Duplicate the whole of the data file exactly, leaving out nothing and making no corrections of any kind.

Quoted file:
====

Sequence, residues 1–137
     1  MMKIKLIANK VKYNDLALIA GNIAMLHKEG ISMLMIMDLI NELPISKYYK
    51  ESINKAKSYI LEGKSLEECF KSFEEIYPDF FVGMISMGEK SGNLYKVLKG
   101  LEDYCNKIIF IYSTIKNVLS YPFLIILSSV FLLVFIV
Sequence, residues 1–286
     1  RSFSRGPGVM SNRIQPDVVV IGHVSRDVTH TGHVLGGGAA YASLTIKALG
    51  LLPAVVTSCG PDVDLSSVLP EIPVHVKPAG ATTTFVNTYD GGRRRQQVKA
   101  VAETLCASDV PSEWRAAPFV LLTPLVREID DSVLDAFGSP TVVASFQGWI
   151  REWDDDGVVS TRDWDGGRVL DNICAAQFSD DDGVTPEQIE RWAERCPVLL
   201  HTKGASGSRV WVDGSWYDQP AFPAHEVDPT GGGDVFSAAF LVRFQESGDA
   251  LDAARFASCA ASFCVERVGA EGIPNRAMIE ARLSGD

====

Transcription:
Sequence, residues 1–137
     1  MMKIKLIANK VKYNDLALIA GNIAMLHKEG ISMLMIMDLI NELPISKYYK
    51  ESINKAKSYI LEGKSLEECF KSFEEIYPDF FVGMISMGEK SGNLYKVLKG
   101  LEDYCNKIIF IYSTIKNVLS YPFLIILSSV FLLVFIV
Sequence, residues 1–286
     1  RSFSRGPGVM SNRIQPDVVV IGHVSRDVTH TGHVLGGGAA YASLTIKALG
    51  LLPAVVTSCG PDVDLSSVLP EIPVHVKPAG ATTTFVNTYD GGRRRQQVKA
   101  VAETLCASDV PSEWRAAPFV LLTPLVREID DSVLDAFGSP TVVASFQGWI
   151  REWDDDGVVS TRDWDGGRVL DNICAAQFSD DDGVTPEQIE RWAERCPVLL
   201  HTKGASGSRV WVDGSWYDQP AFPAHEVDPT GGGDVFSAAF LVRFQESGDA
   251  LDAARFASCA ASFCVERVGA EGIPNRAMIE ARLSGD